Henderson sympathizes with his boy's views—albeit a little queasily. It isn't hard to understand why children, particularly those who grew up in the shadow of the terrorist attacks on September 11th, would feel strongly about bin Laden, even after his death. Young children tend to view the world through black and white lenses which cast people as either heroes or villains, and their perspective was bolstered by adult displays of feverish celebration that happened everywhere from the White House lawn to college campuses across America (not to mention on Facebook).

    But when Henderson asked his son how he'd feel if he was also talking about the desecration of bin Laden's body, his son said that he would hate it. "That's not you," the boy explained. His response made sense to Henderson, who reasoned, "Like children, we want those we trust to mete out justice to be above such bitter motivations. We expect better things from our parents ... and our nation."

    It's reassuring, then, to know that the government has decided not to release gory photographs of bin Laden's dead body. "We don't trot this stuff out as trophies," the president said. Jay Carney, the White House press secretary, confirmed with a familiar response, saying it's "not who we are."

    Know More:  Talking to Kids About Osama Bin Laden

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  • Duerson’s Brain Trauma Confirmed
    May 3, 2011 New York TImes

    Researchers have confirmed that former NFL star Dave Duerson suffered from chronic traumatic encephalopathy (CTE), a neurodegenerative disease that has been linked to concussions. Dr. Ann McKee, the neuropathologist who examined Duerson's brain, says she found indisputable evidence of CTE in Duerson's brain tissue samples, and "no evidence of any other disorder."

    Duerson killed himself in February, at the age of 50, after complaining of headaches, blurred vision, memory loss, poor impulse control, and uncharacteristically abusive behavior toward loved ones—all telltale signs of repetitive brain trauma. In a note to family members Duerson requested that his brain be given to the NFL's brain bank for study.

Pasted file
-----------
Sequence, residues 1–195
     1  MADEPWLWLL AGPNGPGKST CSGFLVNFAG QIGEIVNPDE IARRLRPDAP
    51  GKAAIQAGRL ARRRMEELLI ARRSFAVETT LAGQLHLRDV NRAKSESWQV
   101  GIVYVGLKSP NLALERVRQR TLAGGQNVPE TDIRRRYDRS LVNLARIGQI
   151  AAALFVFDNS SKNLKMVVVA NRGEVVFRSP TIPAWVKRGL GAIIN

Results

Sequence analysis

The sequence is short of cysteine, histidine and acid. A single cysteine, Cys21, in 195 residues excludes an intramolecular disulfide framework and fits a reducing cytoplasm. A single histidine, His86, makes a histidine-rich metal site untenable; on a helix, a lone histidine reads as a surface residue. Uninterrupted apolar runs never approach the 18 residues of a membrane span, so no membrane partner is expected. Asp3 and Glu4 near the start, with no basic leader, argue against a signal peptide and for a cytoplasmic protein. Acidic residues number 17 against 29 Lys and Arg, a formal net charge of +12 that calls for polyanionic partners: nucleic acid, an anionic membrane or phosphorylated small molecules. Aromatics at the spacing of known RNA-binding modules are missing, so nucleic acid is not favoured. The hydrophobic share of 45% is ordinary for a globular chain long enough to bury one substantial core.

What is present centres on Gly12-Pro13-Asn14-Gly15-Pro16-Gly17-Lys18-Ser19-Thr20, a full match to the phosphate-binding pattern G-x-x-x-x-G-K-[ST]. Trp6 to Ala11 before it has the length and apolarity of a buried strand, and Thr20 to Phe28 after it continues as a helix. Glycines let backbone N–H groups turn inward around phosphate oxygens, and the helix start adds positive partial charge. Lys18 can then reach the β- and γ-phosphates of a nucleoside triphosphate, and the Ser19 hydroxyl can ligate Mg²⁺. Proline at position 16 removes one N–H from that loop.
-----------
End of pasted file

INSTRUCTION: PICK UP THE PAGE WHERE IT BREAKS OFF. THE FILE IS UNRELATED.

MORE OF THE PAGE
In an interview DeMaurice Smith, the executive director of the players association, said Duerson's diagnosis of CTE "makes it abundantly clear what the cost of football is for the men who played and the families. It seems to me that any decision or course of action that doesn't recognize that as the truth is not only perpetuating a lie, but doing a disservice to what Dave feared and what he wanted to result from the donation of his brain to science."

    Know More:  What Parents Should Know About Concussions 

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  • Dr. Koplewicz Gives Tips On Talking With Kids About Bin Laden’s Death
    May 3, 2011 CBS

    CMI's President Dr. Harold S. Koplewicz was interviewed by CBS on how to talk about Osama bin Laden's death with children. Koplewicz calls this a teachable moment for kids of all ages, and reminds parents to consider their child's developmental age when discussing bin Laden. Children aged 6 to 11 are at a good age to begin discussing religious tolerance, says Koplewicz. However, younger children should be sheltered from disturbing news and images that may be on television. For older kids, Koplewicz cautions that teens are often impulsive in their reactions, and benefit from parents who model a calm example.

    Know More:  Talking to Kids About Osama Bin Laden 

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  • High Schoolers with Jobs Less Likely to Finish College